Media Contact:Amy Parodi
|Mary Kate MacIsaac|
PORT-AU-PRINCE, January 4, 2012 — Nearing the two-year anniversary of Haiti’s deadly earthquake, Christian aid agency World Vision calls upon the international community to fulfill its commitments in supporting the government of Haiti and the Haitian people.
“Responding to a disaster in the context of Haiti has had its unique challenges,” said Jean-Claude Mukadi, World Vision’s National Director in Haiti. “This response has been one of the largest and most difficult undertakings for the aid community. At the same time, the people of Haiti are resilient and hopeful. We will stand alongside them as they transition from managing this crisis to building a better future for themselves and their families.”
Mukadi acknowledged, however, that Haiti’s success depends on more than the work of international aid agencies.
“Haiti has struggled in its development for decades,” said Mukadi. “Relief and development efforts are not enough to help Haiti create sustainable development for its people. The international community has committed nearly $4.6 billion in support, but has only fulfilled 43 percent of its collective commitment to the Haitian people. That support, as well as clarity and leadership from the Government of Haiti, will be critical for Haiti’s success. The international community must not abandon Haiti now.”
World Vision has been active in development work in Haiti for more than 30 years, and its presence there enabled the organization’s staff to be some of the first on the ground to help with relief after the earthquake – responding within hours. World Vision maintained a robust earthquake response program, despite challenges that included the following:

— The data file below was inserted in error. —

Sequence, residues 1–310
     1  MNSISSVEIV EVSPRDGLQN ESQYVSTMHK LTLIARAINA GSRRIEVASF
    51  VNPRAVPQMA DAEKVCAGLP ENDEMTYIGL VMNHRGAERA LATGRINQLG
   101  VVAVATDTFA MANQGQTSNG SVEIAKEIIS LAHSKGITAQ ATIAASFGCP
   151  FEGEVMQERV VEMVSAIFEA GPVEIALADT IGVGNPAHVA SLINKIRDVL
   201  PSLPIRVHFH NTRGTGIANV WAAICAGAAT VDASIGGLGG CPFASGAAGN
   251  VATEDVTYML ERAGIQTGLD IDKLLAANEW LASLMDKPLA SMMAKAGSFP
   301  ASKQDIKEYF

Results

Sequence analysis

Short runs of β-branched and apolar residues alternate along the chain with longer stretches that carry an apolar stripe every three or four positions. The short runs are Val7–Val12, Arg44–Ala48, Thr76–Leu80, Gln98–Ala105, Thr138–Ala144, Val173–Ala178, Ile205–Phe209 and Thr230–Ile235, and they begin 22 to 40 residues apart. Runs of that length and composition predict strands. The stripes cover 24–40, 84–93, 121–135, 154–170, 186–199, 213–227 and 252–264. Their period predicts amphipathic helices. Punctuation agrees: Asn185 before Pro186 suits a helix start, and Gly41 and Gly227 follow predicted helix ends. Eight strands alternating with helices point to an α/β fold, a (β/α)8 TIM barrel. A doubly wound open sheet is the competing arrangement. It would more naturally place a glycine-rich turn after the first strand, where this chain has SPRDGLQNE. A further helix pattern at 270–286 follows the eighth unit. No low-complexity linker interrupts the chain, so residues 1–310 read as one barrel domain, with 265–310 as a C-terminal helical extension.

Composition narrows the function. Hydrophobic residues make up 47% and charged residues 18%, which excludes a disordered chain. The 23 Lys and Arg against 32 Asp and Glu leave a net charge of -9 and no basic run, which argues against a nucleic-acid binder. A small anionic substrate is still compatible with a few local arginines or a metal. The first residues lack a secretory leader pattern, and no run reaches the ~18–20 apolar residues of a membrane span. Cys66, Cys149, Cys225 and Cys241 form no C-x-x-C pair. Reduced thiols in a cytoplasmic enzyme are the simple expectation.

As of September 2011, World Vision’s earthquake response efforts have included the following accomplishments:
In addition to its earthquake response, World Vision also responded to the October 2010 cholera outbreak with treatment measures such as access to clean water, water storage containers, water purification tablets, cholera treatment centers and education for prevention and treatment of the disease.
“We are gratified by the progress of our cholera education program, which has already reached around 200,000 people,” said Dr. Lesly Michaud, who leads World Vision’s health program in Haiti. “This is helping ensure not just short-term relief but also long-term benefits for disease prevention in the area.”
As of September 2011, World Vision had spent nearly 90 percent of the funds raised for its earthquake response and will likely complete its response program during the second quarter of 2012. However, the organization continues to engage in transitional work, helping families move from displacement camps into transitional and permanent homes and will continue its long-term community development work in areas outside of Port au Prince.
“This is not a time to back down, but rather a time to step up,” said Mukadi. “Those who have committed to partnering with the Haitian people to build a better future need to fulfill their commitments. Poverty beleaguered Haiti even before the earthquake, and with the disaster recovery phase now winding down, it's an opportune time to envision and work toward a stronger future for children, their families and communities of Haiti.”
For more information on World Vision’s earthquake and cholera response programs, please see the report, “Two Years On: Haiti Earthquake Response."
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About World Vision:
World Vision is a Christian humanitarian organization dedicated to working with children, families, and their communities worldwide reach their full potential by tackling the causes of poverty and injustice. We serve the world's poor — regardless of religion, race, ethnicity or gender. For more information on their efforts, visit WorldVision.org/press or follow them on Twitter at @WorldVisionNews